The researchers also showed that viSNE could detect minimal residual disease (MRD)—extremely small quantities of cancer cells that persist after chemotherapy and raise the risk of recurrence. "In blinded tests, we were able to find as few as 20 out of tens of thousands of healthy cells," said Dr. Pe'er. Such a small quantity of cells is extremely difficult to detect, even by the most experienced pathologist.

"The ability to detect MRD is critical for curing cancer," added Dr. Pe'er. "Eliminating even 99.9 percent of a tumor doesn't bring about a cure. You have to be able to find, and then eliminate, the tiny populations of that can survive therapy and lead to disease relapse."

Explore further: Breast cancer researchers find new drug target companion prognostic test for hormone therapy resistance

Related Stories

Breast cancer researchers find new drug target companion prognostic test for hormone therapy resistance

April 1, 2013
A team of international cancer researchers led by Dr. Mathieu Lupien at the Princess Margaret Cancer Centre, University Health Network, has identified the signalling pathway that is over-activated in estrogen receptor (ER)-positive ...

Heterogeneous ER+ breast cancer models allow more accurate drug testing

August 6, 2012
(Medical Xpress) -- Cell cultures are homogeneous. Human tumors are not. A University of Colorado Cancer Center study recently published in the journal Breast Cancer Research and Treatment reports the development of human-derived ...

Key bone marrow protein identified as potential new leukemia treatment target

April 15, 2013
A new study on how the progression of acute lymphocytic leukemia (ALL) is influenced by the bone marrow environment has demonstrated for the first time that targeting a specialized protein known as osteopontin (OPN) may be ...

Computer program identifies rare mutations harbored within diverse populations of cancer cells and microorganisms

April 24, 2013
A tumor is not a uniform mass of identical cells. However, teasing apart genetic heterogeneity within a biopsied tumor can be difficult. Researchers often fail to tell the difference between a rare variant in a DNA dataset ...

Signature of circulating breast tumor cells that spread to the brain found

April 10, 2013
Some breast tumor circulating cells in the bloodstream are marked by a constellation of biomarkers that identify them as those destined to seed the brain with a deadly spread of cancer, said researchers led by those at Baylor ...

Scientists seek out cancer cells hiding from treatment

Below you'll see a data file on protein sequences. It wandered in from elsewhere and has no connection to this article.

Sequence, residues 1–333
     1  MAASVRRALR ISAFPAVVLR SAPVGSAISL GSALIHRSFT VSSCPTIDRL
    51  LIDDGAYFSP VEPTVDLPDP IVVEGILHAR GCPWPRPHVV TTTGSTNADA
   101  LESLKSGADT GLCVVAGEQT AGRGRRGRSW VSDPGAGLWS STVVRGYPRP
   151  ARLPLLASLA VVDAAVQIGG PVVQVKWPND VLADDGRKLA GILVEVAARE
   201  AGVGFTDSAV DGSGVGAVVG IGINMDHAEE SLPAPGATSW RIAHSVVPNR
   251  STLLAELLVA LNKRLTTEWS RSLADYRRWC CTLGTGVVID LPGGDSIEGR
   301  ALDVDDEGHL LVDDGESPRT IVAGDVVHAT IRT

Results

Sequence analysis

January 15, 2013
Scientists hope to improve leukaemia treatment by investigating how cancer cells use 'hiding places' in the body to avoid chemotherapy drugs.

Recommended for you

Bioengineered soft microfibers improve T-cell production

January 18, 2018
T cells play a key role in the body's immune response against pathogens. As a new class of therapeutic approaches, T cells are being harnessed to fight cancer, promising more precise, longer-lasting mitigation than traditional, ...

Weight flux alters molecular profile, study finds

January 17, 2018
The human body undergoes dramatic changes during even short periods of weight gain and loss, according to a study led by researchers at the Stanford University School of Medicine.

Secrets of longevity protein revealed in new study

January 17, 2018
Named after the Greek goddess who spun the thread of life, Klotho proteins play an important role in the regulation of longevity and metabolism. In a recent Yale-led study, researchers revealed the three-dimensional structure ...

The HLF gene protects blood stem cells by maintaining them in a resting state

January 17, 2018
The HLF gene is necessary for maintaining blood stem cells in a resting state, which is crucial for ensuring normal blood production. This has been shown by a new research study from Lund University in Sweden published in ...

Magnetically applied MicroRNAs could one day help relieve constipation

January 17, 2018
Constipation is an underestimated and debilitating medical issue related to the opioid epidemic. As a growing concern, researchers look to new tools to help patients with this side effect of opioid use and aging.

Researchers devise decoy molecule to block pain where it starts

January 16, 2018
For anyone who has accidentally injured themselves, Dr. Zachary Campbell not only sympathizes, he's developing new ways to blunt pain.

0 comments

Please sign in to add a comment. Registration is free, and takes less than a minute. Read more

Click here to reset your password.
Sign in to get notified via email when new comments are made.